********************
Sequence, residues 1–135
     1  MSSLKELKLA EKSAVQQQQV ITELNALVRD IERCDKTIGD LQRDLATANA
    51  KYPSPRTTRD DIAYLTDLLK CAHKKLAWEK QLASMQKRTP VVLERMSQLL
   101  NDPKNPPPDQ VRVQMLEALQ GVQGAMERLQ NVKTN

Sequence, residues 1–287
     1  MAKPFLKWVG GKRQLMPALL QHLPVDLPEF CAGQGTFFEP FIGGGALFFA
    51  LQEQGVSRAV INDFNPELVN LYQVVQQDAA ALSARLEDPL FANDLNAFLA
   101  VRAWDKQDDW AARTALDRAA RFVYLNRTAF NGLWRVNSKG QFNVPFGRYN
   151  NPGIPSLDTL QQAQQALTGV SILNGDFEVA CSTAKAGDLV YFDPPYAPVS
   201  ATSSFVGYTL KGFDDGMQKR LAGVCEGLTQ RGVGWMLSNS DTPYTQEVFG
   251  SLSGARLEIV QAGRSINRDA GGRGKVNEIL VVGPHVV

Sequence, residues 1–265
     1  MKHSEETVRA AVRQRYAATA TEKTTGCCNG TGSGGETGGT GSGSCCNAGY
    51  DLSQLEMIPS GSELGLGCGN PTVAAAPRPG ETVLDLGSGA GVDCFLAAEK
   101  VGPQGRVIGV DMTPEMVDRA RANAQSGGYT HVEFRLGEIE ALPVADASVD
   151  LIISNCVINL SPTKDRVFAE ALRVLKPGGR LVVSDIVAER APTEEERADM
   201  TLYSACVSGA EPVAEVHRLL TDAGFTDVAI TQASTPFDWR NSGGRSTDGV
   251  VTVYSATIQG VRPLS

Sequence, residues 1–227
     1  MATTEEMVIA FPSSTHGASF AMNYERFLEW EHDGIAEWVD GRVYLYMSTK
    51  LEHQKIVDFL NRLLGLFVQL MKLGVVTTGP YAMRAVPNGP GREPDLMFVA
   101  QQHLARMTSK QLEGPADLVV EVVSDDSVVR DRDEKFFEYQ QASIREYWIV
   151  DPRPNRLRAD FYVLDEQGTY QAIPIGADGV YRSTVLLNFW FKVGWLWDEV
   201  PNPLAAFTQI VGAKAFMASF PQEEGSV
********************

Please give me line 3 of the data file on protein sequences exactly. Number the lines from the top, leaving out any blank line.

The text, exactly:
    51  KYPSPRTTRD DIAYLTDLLK CAHKKLAWEK QLASMQKRTP VVLERMSQLL